SANTA CLARA By all accounts, the person who kept Alex Smith out of Monday's game and set the 49ers' current quarterback soap opera spinning was Alex Smith.
He took nearly all of the first-team practice repetitions early in the week leading up to the Bears game. But by Saturday of that week, something wasn't right. And he told the 49ers' coaches and team doctors.
"I tried to push it and went out and practiced, and I just wasn't right, and the doctors didn't end up clearing me," Smith said earlier this week. " Tried to push it earlier in the week, and there were still some lingering things."
Smith did the smart and sensible thing, one that neurologists, the players' union, Commissioner Roger Goodell and John York, the 49ers' owner and chair of the NFL Owners Committee on Health and Safety, would strongly advocate.
Risking a blow to the head when still dealing with a concussion is dangerous and reckless, increasing the chance of an even more severe concussion or worse.
But you have to wonder whether Smith's situation reinforces the notion held by some players Brian Urlacher springs to mind that it's not in their interest to be so forthright about post-concussion symptoms. After all, if Smith had kept quiet and played against Chicago, win or lose, the 49ers would not be entertaining the thought of Colin Kaepernick starting Sunday against the Saints.
Urlacher, the Bears linebacker, has said he'd lie to doctors to get back on the field following a concussion. Some players have been known to tank the baseline cognitive tests they take in the offseason so they can easily match their scores if they have to retake them following a concussion.
Smith did just what the NFL wants, and he may lose his starting job because of it. He might end up as the poster boy for the Urlacher-ian way of thinking, the Wally Pipp of concussions. Pipp lost his starting role to Lou Gehrig at the beginning of Gehrig's streak of 2,130 straight games.
The turn of events in the last week doesn't necessarily mean that Smith will be benched for the rest of the season. Jim Harbaugh's "Hot Hand Theory" likely will give Kaepernick the chance to start in New Orleans. But another tenet of the theory is that if Kaepernick cools off, Harbaugh always can return to Smith.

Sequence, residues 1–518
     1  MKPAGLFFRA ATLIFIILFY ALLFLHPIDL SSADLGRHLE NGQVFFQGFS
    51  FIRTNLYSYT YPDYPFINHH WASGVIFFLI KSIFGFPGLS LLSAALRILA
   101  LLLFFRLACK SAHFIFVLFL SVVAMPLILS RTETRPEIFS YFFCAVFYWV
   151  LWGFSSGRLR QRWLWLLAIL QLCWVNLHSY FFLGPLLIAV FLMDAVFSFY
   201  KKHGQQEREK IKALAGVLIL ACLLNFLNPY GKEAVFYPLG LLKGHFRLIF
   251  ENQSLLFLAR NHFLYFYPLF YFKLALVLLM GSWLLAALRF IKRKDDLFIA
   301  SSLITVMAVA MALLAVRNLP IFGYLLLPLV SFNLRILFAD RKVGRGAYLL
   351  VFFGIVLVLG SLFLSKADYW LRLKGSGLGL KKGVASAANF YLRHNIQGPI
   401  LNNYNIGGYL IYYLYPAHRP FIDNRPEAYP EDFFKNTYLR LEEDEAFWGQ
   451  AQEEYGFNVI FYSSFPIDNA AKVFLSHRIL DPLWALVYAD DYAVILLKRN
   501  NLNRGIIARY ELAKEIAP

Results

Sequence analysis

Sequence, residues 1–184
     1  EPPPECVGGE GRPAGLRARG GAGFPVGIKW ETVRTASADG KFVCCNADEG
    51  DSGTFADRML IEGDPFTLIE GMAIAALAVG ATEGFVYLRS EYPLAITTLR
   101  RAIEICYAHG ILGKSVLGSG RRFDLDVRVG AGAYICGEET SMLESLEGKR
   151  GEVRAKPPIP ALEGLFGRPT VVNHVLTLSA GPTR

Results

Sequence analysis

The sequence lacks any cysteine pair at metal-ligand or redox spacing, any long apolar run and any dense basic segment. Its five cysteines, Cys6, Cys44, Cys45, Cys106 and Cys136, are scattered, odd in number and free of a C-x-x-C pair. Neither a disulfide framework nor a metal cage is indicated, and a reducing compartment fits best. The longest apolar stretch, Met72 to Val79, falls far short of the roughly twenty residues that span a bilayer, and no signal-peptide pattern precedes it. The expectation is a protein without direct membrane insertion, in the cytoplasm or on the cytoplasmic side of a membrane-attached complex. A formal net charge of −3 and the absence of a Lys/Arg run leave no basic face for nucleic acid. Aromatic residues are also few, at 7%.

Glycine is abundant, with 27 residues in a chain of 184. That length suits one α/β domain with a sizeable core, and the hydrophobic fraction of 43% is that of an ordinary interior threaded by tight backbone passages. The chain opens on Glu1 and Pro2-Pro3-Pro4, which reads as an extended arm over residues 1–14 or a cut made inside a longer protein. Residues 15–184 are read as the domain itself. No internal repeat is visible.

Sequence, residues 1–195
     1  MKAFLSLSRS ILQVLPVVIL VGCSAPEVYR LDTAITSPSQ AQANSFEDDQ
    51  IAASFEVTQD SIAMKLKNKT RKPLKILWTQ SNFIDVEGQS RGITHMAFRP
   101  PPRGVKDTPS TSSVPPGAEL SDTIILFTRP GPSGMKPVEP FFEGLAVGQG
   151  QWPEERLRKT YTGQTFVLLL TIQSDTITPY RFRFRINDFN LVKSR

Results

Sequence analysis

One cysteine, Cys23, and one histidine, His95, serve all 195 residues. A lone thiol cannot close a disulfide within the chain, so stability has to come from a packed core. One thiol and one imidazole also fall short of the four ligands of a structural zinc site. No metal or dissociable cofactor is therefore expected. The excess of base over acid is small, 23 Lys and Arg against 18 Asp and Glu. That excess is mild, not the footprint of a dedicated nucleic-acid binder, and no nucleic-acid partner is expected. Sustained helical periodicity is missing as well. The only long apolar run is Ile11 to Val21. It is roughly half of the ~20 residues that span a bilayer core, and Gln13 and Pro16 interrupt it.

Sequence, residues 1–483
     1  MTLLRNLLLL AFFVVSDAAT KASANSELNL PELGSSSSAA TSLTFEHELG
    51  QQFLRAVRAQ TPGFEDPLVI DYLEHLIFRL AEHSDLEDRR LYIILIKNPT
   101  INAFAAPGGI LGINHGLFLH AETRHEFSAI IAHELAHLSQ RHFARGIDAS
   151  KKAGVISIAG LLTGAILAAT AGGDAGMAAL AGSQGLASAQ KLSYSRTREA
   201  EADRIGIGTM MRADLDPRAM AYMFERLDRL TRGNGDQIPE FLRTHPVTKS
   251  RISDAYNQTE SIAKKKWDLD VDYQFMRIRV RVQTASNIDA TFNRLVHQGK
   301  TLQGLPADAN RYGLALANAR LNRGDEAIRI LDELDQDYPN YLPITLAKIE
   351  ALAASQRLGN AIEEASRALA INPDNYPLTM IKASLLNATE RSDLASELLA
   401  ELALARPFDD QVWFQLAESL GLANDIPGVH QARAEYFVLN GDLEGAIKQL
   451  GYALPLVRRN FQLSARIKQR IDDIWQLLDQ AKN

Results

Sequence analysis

But what happens to Smith in the long run if Kaepernick starts and continues to play well? Kaepernick not only was a high draft choice by the current regime, he was hand-picked by Harbaugh last year.
He also comes cheap.
The Turlock product is due to make $850,000 next season. Smith's salary: $8.5 million.
What's more, $7.5 million of that is due on April 1. Cut Smith before then, and the 49ers save that chunk of money.
If Harbaugh and 49ers had their way, they would keep both. After all, $9.9 million (including No. 3 option Scott Tolzien) is not a lot to pay for a quarterback stable in the NFL.
But will Smith want to stick around if Kaepernick takes his job? He already has suffered the embarrassment of the Peyton Manning affair and of signing a modest contract just months after he guided his team to within overtime of the Super Bowl.
If he loses his job, it will be with a 6-2 record this season, a career-high 70.0 percent completion percentage and a 104.1 passer rating that ranks third in the league between Manning and Tom Brady.
Smith is a very modest guy, and he never would lament any lost earnings. He also has lofty, undisclosed aspirations once his football career ends, and he likely will feel he made the right decision about his health even if it ends up costing him his job.
But the league's concussion policy is meant to protect players. You have to wonder if all of them are looking at it from that perspective.